Wah wah wah Sonic the Hedgehog 4!

So, Sonic the Hedgehog 4 was announced at midnight. After much teasing, it was revealed that Project Needlemouse would become the official sequel to Sonic 3, continuing where the 16-bit game left off to provide us with an honest-to-goodness 2D platformer. No more silly furry comrades, no more bad music, and no more Z-grade JRPG narratives. 

So of course, everybody complained about it. 

Wah, it’s episodic! Wah, the Sonic cycle! Wah, Sega never does anything right! Bitch, bitch, bitch was all that came out of some of your mouths. Well everybody shut up and listen now. Stop doing that thing where gamers come across as whining douchebags who can’t be happy with anything, and learn to give Sonic 4 a chance.

The first major criticism to come out of this teaser is the fact that Sega chose to make it episodic. I’ll admit, this threw me for a loop. The first instinct is to wonder why Sega can never keep anything simple, and why it feels the need to add in weird extra details that nobody asked for. Sure, the episodic thing is weird, but why are we being so quick to shit all over it? What, exactly, is suddenly so wrong about episodic gaming that it’s already made Sonic 4 an instant no-buy for some people?

We don’t yet know why this game is episodic, and how Sega will implement it. All we know, right now, is that Sonic 4 will be broken into staggered releases. There’s no way of knowing if that’s a good or bad thing yet. Already people have stomped their feet and shouted, “Well I’m not going to pay ten bucks just to download one Zone!” Who the Hell said that’s what Sega is planning? You don’t know, so shut up about it. 

Sure, the episodic deal could be a scam, and it could turn out to be a bad investment. However, what if the episodes were roughly the length of a full Genesis game each? What if they’re short but ludicrously cheap? We just can’t tell how it’s going to turn out. A few people balked at the idea of an episodic platformer, but why not? Who said that episodic games should only be reserved for point-and-click adventures or Half-Life 2? I say let Sega try it with a platformer. It might just be crazy enough to work.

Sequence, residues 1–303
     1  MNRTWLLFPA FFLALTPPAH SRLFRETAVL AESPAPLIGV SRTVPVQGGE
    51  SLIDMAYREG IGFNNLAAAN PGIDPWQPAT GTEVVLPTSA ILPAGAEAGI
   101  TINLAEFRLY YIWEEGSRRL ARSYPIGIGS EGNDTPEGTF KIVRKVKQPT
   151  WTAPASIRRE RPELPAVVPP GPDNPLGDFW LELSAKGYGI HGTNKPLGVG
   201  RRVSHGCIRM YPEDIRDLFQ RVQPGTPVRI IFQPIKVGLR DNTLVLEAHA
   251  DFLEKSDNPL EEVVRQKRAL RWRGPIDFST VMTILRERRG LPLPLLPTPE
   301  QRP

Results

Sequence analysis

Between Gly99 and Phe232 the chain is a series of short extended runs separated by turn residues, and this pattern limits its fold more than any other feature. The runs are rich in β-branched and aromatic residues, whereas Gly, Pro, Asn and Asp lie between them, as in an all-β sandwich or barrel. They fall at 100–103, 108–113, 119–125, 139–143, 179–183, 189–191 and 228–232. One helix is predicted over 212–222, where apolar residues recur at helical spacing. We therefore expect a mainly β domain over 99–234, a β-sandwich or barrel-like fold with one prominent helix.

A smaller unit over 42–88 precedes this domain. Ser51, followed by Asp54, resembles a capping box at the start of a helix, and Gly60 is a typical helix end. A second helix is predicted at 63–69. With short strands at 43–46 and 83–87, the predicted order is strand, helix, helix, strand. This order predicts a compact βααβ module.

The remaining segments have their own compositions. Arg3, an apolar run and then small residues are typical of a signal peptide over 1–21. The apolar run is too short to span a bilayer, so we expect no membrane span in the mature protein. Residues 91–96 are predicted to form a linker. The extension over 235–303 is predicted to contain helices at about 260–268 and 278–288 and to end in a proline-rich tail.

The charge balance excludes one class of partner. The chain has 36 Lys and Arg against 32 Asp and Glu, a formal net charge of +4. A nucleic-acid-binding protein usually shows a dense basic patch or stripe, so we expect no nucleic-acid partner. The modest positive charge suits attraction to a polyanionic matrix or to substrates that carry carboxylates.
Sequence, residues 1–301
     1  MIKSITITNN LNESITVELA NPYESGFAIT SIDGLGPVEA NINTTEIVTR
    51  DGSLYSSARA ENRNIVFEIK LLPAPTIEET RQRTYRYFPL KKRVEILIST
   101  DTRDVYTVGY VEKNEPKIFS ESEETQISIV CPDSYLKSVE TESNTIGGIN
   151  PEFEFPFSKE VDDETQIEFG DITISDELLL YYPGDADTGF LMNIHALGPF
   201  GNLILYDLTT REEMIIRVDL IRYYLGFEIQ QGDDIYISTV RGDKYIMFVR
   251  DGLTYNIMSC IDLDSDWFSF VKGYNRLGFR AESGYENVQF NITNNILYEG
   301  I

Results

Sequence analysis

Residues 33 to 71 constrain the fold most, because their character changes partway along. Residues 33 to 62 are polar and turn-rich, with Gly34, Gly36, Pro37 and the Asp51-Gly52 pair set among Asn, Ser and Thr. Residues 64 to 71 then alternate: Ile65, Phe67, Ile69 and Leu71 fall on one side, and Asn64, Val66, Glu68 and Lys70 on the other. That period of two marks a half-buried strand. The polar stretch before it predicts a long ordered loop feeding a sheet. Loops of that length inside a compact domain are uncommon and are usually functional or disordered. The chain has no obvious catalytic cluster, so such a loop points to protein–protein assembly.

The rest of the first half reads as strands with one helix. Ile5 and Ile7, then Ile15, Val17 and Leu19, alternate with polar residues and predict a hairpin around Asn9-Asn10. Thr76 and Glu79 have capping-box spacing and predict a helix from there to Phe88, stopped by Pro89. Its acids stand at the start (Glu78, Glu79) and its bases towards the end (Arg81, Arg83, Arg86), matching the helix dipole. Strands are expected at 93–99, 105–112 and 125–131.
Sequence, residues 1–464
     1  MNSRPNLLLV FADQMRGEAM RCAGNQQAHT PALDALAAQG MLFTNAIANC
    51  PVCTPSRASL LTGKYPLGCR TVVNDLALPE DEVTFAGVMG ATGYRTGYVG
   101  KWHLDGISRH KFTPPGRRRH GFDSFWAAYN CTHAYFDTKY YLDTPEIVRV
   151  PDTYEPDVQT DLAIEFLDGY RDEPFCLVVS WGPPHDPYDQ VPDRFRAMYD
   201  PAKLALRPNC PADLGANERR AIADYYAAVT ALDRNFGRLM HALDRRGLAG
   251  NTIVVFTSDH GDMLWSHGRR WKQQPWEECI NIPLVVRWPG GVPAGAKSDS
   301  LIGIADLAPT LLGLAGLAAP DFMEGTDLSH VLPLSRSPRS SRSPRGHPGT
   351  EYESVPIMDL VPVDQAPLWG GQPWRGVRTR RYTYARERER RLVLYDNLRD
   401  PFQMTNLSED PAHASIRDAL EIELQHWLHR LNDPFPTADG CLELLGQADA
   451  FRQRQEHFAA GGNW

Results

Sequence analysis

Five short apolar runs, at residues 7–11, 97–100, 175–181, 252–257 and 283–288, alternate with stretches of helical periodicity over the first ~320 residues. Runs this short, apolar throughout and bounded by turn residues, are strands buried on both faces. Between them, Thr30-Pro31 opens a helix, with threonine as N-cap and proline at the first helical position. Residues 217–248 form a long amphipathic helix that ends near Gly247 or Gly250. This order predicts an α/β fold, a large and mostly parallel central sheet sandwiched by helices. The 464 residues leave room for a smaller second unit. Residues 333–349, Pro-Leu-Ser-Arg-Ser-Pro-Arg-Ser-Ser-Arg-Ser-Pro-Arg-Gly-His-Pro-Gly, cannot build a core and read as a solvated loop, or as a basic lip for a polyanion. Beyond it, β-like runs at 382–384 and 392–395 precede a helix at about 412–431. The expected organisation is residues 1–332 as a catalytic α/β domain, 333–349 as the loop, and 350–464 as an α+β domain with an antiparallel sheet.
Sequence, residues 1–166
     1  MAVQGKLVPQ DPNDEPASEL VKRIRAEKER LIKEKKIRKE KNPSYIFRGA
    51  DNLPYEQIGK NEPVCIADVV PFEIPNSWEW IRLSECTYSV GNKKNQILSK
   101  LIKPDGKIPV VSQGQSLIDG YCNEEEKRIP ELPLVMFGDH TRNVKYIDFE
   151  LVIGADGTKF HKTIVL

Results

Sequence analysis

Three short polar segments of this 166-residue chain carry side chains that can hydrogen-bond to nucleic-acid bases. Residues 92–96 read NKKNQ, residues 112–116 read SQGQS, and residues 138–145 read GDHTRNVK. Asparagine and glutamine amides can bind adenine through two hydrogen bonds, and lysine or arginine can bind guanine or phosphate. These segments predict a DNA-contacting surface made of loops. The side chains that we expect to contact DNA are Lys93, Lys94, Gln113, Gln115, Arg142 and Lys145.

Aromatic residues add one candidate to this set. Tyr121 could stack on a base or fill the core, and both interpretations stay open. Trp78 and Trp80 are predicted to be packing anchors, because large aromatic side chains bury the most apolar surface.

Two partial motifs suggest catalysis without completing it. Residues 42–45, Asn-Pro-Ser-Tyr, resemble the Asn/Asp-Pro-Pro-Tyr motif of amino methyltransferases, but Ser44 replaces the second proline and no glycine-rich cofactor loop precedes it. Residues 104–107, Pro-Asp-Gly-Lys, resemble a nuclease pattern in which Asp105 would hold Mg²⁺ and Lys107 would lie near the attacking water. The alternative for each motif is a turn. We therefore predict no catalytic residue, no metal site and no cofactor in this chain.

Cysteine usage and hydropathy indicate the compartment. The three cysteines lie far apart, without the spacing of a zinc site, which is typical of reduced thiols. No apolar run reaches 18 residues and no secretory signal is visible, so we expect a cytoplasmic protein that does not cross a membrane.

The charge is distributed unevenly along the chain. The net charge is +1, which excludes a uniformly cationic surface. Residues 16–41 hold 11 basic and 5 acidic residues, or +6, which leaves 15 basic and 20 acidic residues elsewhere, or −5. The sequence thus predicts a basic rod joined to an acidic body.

Of course, it’s hard to expect everybody to automatically trust a new Sonic game, no matter how many appeals to nostalgia it makes. I am fully aware that Sonic has had chance after chance after chance, and he’s blown almost every single one of them. Sonic Unleashed was the franchise’s best console effort in years, and that was a disappointing game full of poor design decisions. I am not so unaware as to wonder why people are wary of Sonic the Hedgehog 4. However, it’s the complete refusal to even entertain the thought of it being good that grates on my nerves. 

Yes, most recent Sonic games have sucked, but then, most recent Sonic games have been made with a callous disregard for the franchise’s past and a refusal to work in anything but 3D. Let’s look at the last time a studio embraced Sonic‘s past and created a good 2D game. It was Sonic Advance on the GameBoy Advance. It was also a bloody brilliant game. All it took was a healthy respect for what made the old school Sonic games good, and a solid dose of two-dimensional platforming. 

Hell, the Sonic Rush games might not be fantastic, but they are at least pretty good. It seems that if you put Sonic in a 2D game, he has a very solid chance of becoming decent. If Sega sticks to the formula, and the early teaser seems to indicate that it will, then there is a very good probability that Sonic the Hedgehog 4 will be a success. 

But wait, of course, there’s that whole “Sonic Cycle” thing, right?